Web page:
As I noticed recently while writing my weblog on Chicken Marsala, I have written 6 Italian recipes and 0 French recipes. While, I’ve tried defending myself by pointing out that this is a budget blog specializing in cooking meals for under 5 dollars a head, not all of French cuisine is foie gras and escargot. In fact, I think most of the really great French cuisine is elevated peasant food: Coq au Vin, Beef Bourguignon, ratatouille, and crepes.
So, it is a bit of a travesty that I have been blogging for a half a year now, and not posted one French dish. I mean, let’s face it, France really is the father of modern dining. With that in mind I have decided to post a French-inspired recipe of my favorite meat of all time: lamb. (Say it with me now, with your best Homer Simpson impression, mmm…Lamb.)
Lamb is a lovely meat. Depending on the cut it can be seared rare, roasted, or slow cooked. I love them all. It’s not the cheapest meat of all time, though unless you live in Australia (where it is cheaper than chicken, I swear.) The shanks (the leg meat) is affordable when you are lucky enough to find it. I am not sure why most grocery stores only carry it about half of the time, but whenever you do find it, is one of the cheapest cuts of lamb.
I remember the first time I bought lamb shanks, I had no idea what I was buying. I was living in Australia with Jodie at the time, and, like I said, lamb was dirt cheap. I had made lamb many ways while we were there. This was when I was very young and had very little experience cooking, mind you. So, I bought two lamb shanks took them home, and promptly seared them rare in a skillet. If you know anything about shank meat, it takes hours for the connective tissue to break down and become the tender amazing flesh we are used to having. Otherwise you are trying to chew on what amounts to gristle. Let’s just say that pizzas were ordered that night.
This is why the French invented braising. Braising is when you take a tough piece of meat full of fat and connective tissues and cook it long and slow until it melts into the meat and creates a tender, buttery sensation in your mouth that English doesn’t have proper words to describe. Peasants often used this method because these cuts of the meat were not considered as desirable to the upper class (who were clearly lazy and dumb.)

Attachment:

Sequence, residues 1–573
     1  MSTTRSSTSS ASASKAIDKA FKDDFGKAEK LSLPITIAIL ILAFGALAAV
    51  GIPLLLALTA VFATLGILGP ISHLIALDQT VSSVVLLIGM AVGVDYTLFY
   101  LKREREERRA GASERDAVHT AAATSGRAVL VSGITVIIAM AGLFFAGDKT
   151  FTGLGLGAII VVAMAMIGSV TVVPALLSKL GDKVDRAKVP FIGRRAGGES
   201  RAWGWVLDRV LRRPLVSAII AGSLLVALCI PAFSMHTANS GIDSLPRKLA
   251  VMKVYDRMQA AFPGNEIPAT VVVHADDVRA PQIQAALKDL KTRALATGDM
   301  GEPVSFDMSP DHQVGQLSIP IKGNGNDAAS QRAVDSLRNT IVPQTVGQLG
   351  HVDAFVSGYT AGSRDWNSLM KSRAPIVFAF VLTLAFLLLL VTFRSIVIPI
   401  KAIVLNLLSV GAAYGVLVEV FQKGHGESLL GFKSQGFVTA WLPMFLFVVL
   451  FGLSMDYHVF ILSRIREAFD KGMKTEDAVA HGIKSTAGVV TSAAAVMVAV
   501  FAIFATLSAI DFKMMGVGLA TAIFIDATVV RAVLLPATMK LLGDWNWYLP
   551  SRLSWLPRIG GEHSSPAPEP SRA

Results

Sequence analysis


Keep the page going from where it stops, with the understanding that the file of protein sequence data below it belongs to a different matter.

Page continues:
Now, if you have been reading my blog, I hope you have noticed that I like to take very traditional foods of any culture and give them my own modern twist. The same is true with my lamb shank.
In France it is traditional to braise your shank with Burgandy wine. (That is there way of saying Pinot Noir, basically…more on that another time.) While I like cooking in wine…I love cooking in beer. So, I replaced the wine with a dark porter or stout. (Such as Guinness or Murphy’s.) Don’t worry, wine fanatics, the resulting shanks will still pair very well with a Pinot Noir. I would recommend Cambria if you can spring for it. Of course, it also pairs perfectly well with whatever beer you cooked it in. I like to serve it with the coarsely chopped vegetables I cooked the lamb in over cous cous. One of my favorite meals I know how to make. Divine. (While I travelled in Europe, my favorite food was Italian in general, but the best meal I had was in France. It is similar in my own kitchen. I prefer Italian, but some of my absolute favorite recipes are French.)
Stout Braised Lamb Shanks
1 Tbsp vegetable oil
4 lamb shanks
flour for dredging
2 leeks, halved lengthwise and chopped 1/4” thick
6 cloves garlic, halved or quartered
2 carrots, chopped ½“ thick
2 celery ribs, chopped coarsely
2 tbsp tomato paste
1 (12 fluid ounce) bottle stout (such as Guinness®) or porter
1 ¾ cup beef broth
8 to 10 mushrooms, halved or quartered
3 sprigs fresh thyme
1 bay leaf
1 sprig fresh rosemary
2 tbsp olive oil
salt and pepper to taste
- Dredge lamb shanks in flour.
- Heat oil in a dutch oven or large, wide pot over medium-high heat until shimmering. Sear the lamb shanks in the hot oil on all sides until well browned, about 10 minutes. This can be done 2 lamb shanks at a time, if all 4 do not fit in your pot at the same time. After browning, remove lamb shanks and set aside.
- Pour the excess grease from the Dutch oven, if necessary, reduce heat to medium, and stir in the onions and garlic. Cook and stir until the onions have softened and turned translucent, about 5 minutes.
- Stir in the carrots, celery, and tomato paste; continue cooking 5 minutes more.
- Return the lamb shanks to the dutch oven, and pour in the stout beer and beef broth. Add thyme and bay leaf and bring to a simmer over high heat.
- Once the lamb shanks begin to simmer, reduce the heat to medium-low, cover, and simmer until the lamb is very tender and nearly falling off of the bone, 2 to 3 hours. Stir the lamb occasionally as it cooks, and add water if needed to keep the cooking liquid from becoming too thick (I rarely find this needed.) You want the cooking liquid to have reduced into a nice sauce by the time the lamb shanks are done. Stir in the mushrooms, rosemary sprig, and salt and pepper to taste during the last 10 minutes of cooking. Remove rosemary, thyme sprigs and bay leaf before serving. Serve shanks and vegetables over cous cous or orzo pasta immediately, passing the remaining sauce.